I'm late, the lame result of having stayed up too late last night watching that movie. The sun is already high in the sky by the time I head out to the shed. Opening the door, I start towards the R1200GS, as I usually do when heading out for a ride of long miles or indeterminate direction. Its amenities and comfort and jack-of-all-trades expertise is a wonderful thing.
But then my eyes fall on my old K1200RS, sitting there in the shadows in the back corner of the shed. A tinge of guilt washes over me. How long has it been? A couple months, on that little ride up past Antietam? And before that...I can't remember.
I debate mentally for a moment. I'd honestly rather take the GS, a bike whose lazy comfort I've grown quite fond of in recent years. But that feeling of guilt just won't go away.
I wonder if the battery even has enough juice.
It takes a few moments to push the three other motorcycles and the two bicycles out of the way. With the narrow path thus created, I slowly wheel the KRS out of the shed into the sunlight. My guilt gets a boost when I see the dust on the tank and the cobwebs between the windscreen and mirror. But it starts instantly and out of that surprise I suddenly know I've made the right choice. Fifteen minutes later I've got the tires aired up and the bike wiped down, looking somewhat presentable. Tossing my small duffel in one of the saddlebags, I shrug into the Aerostich, pull on my Arai, and finally head down the driveway.
After spending so much time in recent months either bent to the severe crouch of my GSX-R1000, or else sitting upright on the GS, the midway position of the KRS seems oddly strange. But looking down at the cockpit and the bars and the windscreen-a view I once knew well-prompts a sudden flood of memories, reminders that quickly gain strength as I turn out onto the road. They should. I certainly put enough miles on this motorcycle back in the day.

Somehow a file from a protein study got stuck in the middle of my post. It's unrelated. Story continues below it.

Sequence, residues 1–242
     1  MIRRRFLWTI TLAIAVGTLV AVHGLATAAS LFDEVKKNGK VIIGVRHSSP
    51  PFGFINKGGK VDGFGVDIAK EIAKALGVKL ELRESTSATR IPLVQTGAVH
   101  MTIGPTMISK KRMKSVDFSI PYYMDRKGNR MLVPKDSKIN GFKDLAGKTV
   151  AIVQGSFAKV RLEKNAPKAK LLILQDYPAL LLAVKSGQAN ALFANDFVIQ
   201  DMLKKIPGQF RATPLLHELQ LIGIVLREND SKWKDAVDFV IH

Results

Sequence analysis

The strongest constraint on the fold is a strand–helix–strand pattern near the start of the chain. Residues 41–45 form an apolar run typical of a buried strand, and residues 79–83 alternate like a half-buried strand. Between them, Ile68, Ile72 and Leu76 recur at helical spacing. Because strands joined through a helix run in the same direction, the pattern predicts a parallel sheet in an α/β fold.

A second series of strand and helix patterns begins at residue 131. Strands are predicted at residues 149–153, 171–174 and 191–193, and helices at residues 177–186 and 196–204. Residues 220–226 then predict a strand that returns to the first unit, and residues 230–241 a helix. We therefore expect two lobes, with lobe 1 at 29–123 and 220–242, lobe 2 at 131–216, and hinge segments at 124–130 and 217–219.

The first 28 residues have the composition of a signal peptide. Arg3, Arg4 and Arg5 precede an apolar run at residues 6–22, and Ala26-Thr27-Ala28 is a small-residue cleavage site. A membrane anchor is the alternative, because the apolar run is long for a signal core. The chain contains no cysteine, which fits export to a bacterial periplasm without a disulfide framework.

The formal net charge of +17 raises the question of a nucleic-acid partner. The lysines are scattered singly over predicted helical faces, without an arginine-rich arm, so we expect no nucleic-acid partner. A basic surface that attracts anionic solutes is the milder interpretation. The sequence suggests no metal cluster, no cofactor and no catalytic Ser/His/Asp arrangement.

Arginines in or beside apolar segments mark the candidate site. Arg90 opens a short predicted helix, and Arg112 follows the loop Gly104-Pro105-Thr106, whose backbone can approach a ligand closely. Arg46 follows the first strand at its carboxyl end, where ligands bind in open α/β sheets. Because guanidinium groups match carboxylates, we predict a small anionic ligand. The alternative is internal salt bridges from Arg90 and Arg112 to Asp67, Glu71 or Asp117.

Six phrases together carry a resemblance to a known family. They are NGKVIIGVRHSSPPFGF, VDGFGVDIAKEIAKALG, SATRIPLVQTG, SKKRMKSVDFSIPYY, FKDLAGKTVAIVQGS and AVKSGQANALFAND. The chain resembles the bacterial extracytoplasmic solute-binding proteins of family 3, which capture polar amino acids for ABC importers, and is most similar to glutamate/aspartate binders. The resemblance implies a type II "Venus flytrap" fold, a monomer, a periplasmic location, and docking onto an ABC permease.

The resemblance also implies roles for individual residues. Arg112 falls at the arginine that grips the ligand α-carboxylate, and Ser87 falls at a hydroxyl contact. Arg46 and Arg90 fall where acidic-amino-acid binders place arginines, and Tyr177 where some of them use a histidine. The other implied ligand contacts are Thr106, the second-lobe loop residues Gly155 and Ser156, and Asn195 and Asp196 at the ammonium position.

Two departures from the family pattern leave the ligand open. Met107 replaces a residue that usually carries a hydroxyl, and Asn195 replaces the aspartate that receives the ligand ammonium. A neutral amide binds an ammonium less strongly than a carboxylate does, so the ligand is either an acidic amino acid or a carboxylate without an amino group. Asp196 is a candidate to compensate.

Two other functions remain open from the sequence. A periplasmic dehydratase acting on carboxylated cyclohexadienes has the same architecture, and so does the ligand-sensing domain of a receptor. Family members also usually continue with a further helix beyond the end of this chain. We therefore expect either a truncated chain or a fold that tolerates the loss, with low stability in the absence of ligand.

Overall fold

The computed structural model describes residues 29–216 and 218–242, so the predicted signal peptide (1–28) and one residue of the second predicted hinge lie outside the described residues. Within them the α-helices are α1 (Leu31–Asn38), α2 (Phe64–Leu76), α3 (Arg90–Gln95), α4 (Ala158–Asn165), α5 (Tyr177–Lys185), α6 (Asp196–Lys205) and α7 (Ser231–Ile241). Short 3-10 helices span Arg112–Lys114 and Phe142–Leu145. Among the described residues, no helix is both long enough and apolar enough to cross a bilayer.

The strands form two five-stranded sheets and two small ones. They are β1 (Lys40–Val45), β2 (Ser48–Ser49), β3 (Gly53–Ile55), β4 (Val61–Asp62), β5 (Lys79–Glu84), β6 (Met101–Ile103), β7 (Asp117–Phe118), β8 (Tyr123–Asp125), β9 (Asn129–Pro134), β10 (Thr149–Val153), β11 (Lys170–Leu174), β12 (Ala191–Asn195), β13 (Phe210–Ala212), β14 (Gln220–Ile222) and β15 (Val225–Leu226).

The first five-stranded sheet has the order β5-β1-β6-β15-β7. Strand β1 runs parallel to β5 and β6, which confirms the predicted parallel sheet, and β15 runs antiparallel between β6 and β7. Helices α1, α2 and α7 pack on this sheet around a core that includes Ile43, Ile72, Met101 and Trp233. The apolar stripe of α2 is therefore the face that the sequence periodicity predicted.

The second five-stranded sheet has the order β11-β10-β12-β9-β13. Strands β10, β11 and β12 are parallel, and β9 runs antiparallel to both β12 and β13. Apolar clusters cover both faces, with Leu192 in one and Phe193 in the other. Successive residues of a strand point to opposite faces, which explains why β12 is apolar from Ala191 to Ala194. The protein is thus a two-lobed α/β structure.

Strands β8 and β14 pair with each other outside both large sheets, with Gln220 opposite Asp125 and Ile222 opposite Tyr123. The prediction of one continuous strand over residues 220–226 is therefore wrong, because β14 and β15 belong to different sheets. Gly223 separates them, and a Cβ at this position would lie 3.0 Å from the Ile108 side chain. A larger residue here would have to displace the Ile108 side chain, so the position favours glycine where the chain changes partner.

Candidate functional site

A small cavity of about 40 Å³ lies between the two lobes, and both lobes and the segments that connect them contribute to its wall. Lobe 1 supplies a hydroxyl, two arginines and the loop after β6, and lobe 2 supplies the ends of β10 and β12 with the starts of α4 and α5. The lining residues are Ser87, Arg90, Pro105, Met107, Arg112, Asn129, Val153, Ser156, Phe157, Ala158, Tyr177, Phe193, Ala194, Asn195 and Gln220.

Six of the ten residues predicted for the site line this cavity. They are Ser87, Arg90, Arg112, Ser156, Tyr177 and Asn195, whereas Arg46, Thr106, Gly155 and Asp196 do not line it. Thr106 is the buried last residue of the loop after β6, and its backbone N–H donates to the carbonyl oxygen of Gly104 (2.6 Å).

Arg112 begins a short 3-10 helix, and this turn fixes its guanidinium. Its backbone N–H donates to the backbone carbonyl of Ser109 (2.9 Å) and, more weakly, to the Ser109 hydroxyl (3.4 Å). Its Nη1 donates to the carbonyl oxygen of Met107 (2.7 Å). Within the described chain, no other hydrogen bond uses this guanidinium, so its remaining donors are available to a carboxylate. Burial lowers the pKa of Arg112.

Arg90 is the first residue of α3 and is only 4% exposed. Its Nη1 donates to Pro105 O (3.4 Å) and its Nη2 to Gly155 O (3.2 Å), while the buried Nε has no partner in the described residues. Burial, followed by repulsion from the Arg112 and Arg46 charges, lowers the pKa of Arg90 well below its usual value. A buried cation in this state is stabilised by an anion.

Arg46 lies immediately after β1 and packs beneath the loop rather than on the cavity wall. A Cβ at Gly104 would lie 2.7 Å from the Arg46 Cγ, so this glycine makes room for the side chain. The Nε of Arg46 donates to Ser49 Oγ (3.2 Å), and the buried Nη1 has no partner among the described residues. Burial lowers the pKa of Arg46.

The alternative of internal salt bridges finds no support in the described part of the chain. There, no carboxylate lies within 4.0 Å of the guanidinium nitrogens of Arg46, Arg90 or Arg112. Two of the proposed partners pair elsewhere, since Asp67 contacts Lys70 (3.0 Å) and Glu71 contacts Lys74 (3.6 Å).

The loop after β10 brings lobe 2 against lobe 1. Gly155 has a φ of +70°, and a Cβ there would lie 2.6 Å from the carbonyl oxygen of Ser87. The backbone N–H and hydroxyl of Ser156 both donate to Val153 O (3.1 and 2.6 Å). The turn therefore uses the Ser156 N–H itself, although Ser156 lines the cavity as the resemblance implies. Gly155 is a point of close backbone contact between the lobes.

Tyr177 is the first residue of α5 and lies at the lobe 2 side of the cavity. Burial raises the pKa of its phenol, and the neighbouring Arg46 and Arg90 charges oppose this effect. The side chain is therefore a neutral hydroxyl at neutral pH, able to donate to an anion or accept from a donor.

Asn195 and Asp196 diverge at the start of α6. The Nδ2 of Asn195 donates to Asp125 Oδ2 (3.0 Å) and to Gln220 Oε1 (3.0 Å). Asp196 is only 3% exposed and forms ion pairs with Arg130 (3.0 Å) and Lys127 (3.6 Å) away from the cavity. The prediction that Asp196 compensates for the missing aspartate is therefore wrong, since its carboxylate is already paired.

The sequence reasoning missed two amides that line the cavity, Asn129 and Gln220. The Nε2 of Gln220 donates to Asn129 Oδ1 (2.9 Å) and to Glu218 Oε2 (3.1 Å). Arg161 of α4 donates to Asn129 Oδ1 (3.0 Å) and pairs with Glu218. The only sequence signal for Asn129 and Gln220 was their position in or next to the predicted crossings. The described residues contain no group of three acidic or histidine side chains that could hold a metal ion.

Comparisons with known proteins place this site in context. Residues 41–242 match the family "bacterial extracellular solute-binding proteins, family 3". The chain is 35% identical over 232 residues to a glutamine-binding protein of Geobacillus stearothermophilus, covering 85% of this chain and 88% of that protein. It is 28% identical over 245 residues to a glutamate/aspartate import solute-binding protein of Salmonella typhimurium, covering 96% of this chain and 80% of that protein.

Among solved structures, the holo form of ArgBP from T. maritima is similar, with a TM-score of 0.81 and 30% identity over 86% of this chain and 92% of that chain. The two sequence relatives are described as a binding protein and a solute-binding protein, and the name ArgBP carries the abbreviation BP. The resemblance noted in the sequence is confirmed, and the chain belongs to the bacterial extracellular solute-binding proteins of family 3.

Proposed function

Past the duck pond, up the hill and around the bend, the hard pull of the turbine-like engine reminds me of one of the reasons I always loved this bike. On-throttle, it flows through the corner with an uncanny grace. Under my helmet, I break into a smile.
It's funny. Bikes are so individual-with sounds and smells and looks that are unique. As my speed builds those sensory inputs draw up around me, breaking through the haze of forgetfulness brought on by bikes of newer vintage and reminding me of how it used to be. Like meeting up with an old girlfriend.
Slowing at the stop sign, I pause, debating for a moment, then turn left.
It's three miles to town, and then two minutes to get past the two traffic signals. Wending down past the high school, the landscape quickly turns rural again. Past the left-hander where I always worry about deer, and then the pace picks up. Within moments I'm already having to back out of the throttle, rediscovering the deceptive smoothness of the bike-70 in a 45 doesn't work just yet. "Patience," I tell myself. I hug the white line near the shoulder through the long sweeping right-hander-the one where cars are always drifting across the centerline. And then a few quick miles and suddenly there's Panorama appearing on the left, a small, obscure ribbon of black emerging out of the woods. One of the secrets I discovered many years ago. Now I can relax a bit.
Coming from the much lighter Gixxer or the taller, more spacious GS, the KRS seems dense and heavy. As if it was forged from a solid piece of billet. But as I head into the first set of downhill esses it flows into them with an effortlessness that reminds me of how well it comports itself at speed. Kind of like that date with a beautiful but slightly heavy girl who shocks you with what she knows when she stays over.